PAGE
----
Published 08 August 2019
Liberty Lawson: As a student, what do you see as the main issues and priorities on campus, in terms of sustainability?
Liv Arkell: I think the priorities for campus right now are educating and shifting mentality to one which is consciously sustainable. Campus has an amazing resource at its hands; thousands of students who are there to learn. Every student could be being taught what they can be doing within their chosen field to create a more sustainable world. But currently, because of both cultural and logistical barriers, many students aren’t even carrying out basic sustainability practices. Lots of students are aware of the need for more sustainable practices and the global impacts being felt from a lack thereof. But people struggle with the practicalities of sustainable action (using separate bins, only buying coffee when they remember their reusable cup, not taking a plastic bag).
The campus could have a huge impact on behaviours if it took a more proactive approach to sustainability. It can be the bridge between the large scale impacts of sustainability issues and the practical solutions. It can educate people on how to better recycle their waste through clear signage, monitor the co-mingling of waste more stringently, reduce the prevalence of single use plastics, consider sustainability in building planning.
Things like the sustainability working group the university is supporting and the USU’s current approach to packaging and food waste make me really excited that a mentality shift is underway, and I think a big priority is keeping this momentum going.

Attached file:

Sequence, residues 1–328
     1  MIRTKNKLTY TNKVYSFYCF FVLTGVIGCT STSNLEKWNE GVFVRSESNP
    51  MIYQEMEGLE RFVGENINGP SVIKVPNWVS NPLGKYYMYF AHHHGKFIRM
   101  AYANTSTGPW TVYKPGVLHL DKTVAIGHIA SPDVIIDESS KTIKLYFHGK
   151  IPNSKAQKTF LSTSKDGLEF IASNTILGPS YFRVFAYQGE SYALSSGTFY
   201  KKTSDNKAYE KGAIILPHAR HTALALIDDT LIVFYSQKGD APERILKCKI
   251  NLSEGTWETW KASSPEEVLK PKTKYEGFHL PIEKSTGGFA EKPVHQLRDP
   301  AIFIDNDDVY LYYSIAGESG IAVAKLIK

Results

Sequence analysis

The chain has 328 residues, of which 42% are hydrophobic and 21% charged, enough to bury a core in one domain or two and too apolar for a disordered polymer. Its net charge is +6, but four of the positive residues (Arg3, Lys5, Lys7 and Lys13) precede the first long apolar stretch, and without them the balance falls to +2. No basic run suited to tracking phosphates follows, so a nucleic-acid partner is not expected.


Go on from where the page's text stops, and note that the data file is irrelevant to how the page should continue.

Do you think that addressing these issues comes down to changing people’s perceptions through education, or are we getting to a point where more institutional, systemic and infrastructural changes are needed?
I think successful sustainability is about the integration of passion and practicality; mobilising people by making them care and then putting in place systems that keep the initial energy going. I think that requires a combination of education and systemic change. When people understand issues they are far better at taking action even where it is inconvenient, and I think education has started to build a strong drive for change.
But institutional change can achieve large scale things educating alone isn’t capable of and is key to making a perception shift stick. It is often more convenient to do the thing which is less sustainable, but systemic change forces people to adjust their behaviours and removes the option of excuse. There are also people sustainability is never going to be front of mind for, which is an issue institutional change is better at tackling.